‘Kids! We’ve lost Grandpa: How these words became part of my family vernacular’

Jul 31, 2020
Julie remembers the day her grandfather went 'missing'. Source: Getty Images

Does your family have any old traditional family sayings? There’s one in my family, which nowadays brings a smile, many years later. It is: “Kids, we’ve lost Grandpa!”

Why is this? Well, many moons ago, old Grandpa Jack lived alone in his unit. Being a retired railway worker, he was one proud owner of a lifelong gold pass on the Australian railways, for free travel.

“Right,” thought Grandpa Jack one weekend. “I’ll visit my youngest sister on the farm in the bush.”

On Monday morning, off he set. Having booked a taxi, he travelled to his local train station, caught the 7:07am express to town. Then he changed trains to travel to the country hub. At the right time, he boarded the correct train to a distant country town. Alighting, walking stick blazing, he clambered aboard a bus, which set him down a short stroll to his sister’s old farmhouse.

She was now in her 70s, and rolled forth a big welcome, heaps of family food and fun. Grandpa Jack was a sprightly 80 years old.

Meanwhile, back in suburbia, Grandpa Jack had forgotten to inform his son, my uncle, or his daughter, my mother, about his plans for the week. My uncle called into his unit after work on Monday, as normal. He knocked, no usual cheery response.

Hmm … Where was Grandpa? Had he collapsed? Was he lying in a heap in the middle of his lounge room?

With the spare key, my uncle entered the unit. No Grandpa Jack anywhere. He phoned my mother on the landline (in the days before mobile phones). No, she did not know where Grandpa Jack was either.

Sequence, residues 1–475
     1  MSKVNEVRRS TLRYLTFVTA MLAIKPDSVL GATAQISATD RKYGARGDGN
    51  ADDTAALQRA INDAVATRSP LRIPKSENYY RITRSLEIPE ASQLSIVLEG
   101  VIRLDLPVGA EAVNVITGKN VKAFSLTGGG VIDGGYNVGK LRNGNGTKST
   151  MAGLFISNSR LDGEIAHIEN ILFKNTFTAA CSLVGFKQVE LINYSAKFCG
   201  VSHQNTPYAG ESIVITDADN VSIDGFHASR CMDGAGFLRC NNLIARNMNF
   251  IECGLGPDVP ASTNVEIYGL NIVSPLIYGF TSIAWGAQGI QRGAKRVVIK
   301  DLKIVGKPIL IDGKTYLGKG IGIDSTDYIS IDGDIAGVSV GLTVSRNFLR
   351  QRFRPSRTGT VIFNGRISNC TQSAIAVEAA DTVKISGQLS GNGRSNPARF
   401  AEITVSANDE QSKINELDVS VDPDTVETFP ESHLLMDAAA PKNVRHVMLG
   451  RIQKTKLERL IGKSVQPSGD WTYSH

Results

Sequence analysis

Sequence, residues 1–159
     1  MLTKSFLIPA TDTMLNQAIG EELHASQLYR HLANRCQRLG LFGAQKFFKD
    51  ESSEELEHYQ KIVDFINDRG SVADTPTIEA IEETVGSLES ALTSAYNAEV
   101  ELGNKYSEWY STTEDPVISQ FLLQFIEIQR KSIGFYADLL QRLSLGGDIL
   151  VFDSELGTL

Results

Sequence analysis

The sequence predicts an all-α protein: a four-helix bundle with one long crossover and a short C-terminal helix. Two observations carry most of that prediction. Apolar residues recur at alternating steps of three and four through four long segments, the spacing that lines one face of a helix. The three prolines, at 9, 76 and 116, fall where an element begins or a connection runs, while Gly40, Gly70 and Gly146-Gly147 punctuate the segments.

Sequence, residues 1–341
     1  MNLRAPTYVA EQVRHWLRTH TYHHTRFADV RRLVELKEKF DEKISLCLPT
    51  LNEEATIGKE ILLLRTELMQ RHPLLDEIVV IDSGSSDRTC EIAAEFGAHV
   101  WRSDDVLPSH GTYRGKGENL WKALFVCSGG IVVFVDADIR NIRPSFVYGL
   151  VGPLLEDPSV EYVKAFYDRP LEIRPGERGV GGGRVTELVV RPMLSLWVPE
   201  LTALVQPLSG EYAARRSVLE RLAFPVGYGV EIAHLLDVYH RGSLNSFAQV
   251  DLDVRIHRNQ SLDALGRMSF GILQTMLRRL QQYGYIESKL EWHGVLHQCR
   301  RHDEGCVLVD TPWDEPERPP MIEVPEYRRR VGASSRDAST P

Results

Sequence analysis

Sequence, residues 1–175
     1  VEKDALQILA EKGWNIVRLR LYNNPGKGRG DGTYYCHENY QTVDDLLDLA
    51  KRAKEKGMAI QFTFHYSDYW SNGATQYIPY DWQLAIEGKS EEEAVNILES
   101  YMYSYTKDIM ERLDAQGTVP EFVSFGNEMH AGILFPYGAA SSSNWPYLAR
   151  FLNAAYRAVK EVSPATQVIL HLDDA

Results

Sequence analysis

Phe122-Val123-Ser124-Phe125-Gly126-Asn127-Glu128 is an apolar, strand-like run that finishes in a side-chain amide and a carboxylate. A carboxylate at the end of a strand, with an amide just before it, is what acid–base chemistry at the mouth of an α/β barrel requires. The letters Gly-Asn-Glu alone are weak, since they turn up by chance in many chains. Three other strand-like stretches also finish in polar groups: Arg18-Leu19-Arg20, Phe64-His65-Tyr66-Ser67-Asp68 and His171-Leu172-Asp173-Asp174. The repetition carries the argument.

Was he wandering the streets, confused? Had he tripped over, was he in the public hospital system? Should they call in the police to search for a lost Grandpa Jack?

“Leave it till the morning,” Mother decided.

The morning dawned, more phone calls, still no Grandpa. The day dragged by. Mother had to tell us the reason for all the dramatic discussions.

“Kids, we’ve lost Grandpa!” We’re all very upset.

We waited. My mother and my uncle searched old Grandpa’s neighbourhood, phoned hospitals, still no Grandpa Jack.

On Friday afternoon at 4pm my uncle was at Grandpa’s unit with his neighbours and the police, trying to coordinate another search. In came Grandpa Jack.

“What? What are you all doing here?” he asked, confused.

“We lost you!”

“Rubbish, I knew where I was!”

Grandpa Jack unpacked his bag, some jellied pig trotters, and practically half a side of mutton chops, his faves. Real bush tucker.

Family alert for lost Grandpa downgraded. Yes, we sort of lost Grandpa. Much foul language was heard to be said, as Grandpa Jack argued with his adult children about what he should be doing. Swearing is quite cathartic, supposedly.

You might say that effective communication in families is vital, especially for heaps of family fun. The family saying, “Kids, we’ve lost Grandpa!” still brings a laugh. Not so funny at the time.

Some years after Grandpa Jack was ‘lost’, my late-father was interred with other old diggers, to rest in eternal peace under a stately gum tree, near a beautiful memorial rose garden.

“Let’s visit Grandpa!” my grieving sister told her four young teenage children. “It’ll only take half an hour.”

Into the car with no air-conditioning on a scorching hot summer’s day, with one bottle of water they piled. Not much traffic. Holding a tribute bunch of flowers from her own garden, they meandered to Grandpa’s gum tree. No Grandpa! Yes, heard again.

“Kids, we’ve lost Grandpa!”

“Must be the wrong gum tree!”

“Scatter, kids. Check every gum tree. We’ve got to find Grandpa!” No, there was no Grandpa.

Once again, the family failure to communicate. For practicality, my mother had transplanted my father’s urn to another, more local, rose garden, closer to where she lived. My mother had not told anyone where Grandpa now was.

Swearing is, indeed, quite cathartic. You can imagine the irate mother-daughter phone conversations that ensued from losing another Grandpa.

“Kids, we’ve lost Grandpa!” is now part of our heritage, a family saying. Grandpas are the stars of our heaps of family fun. All I can say is, “Thanks, bog Irish, for teaching us all how to swear!”

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What sayings have become favourites in your family, and why?

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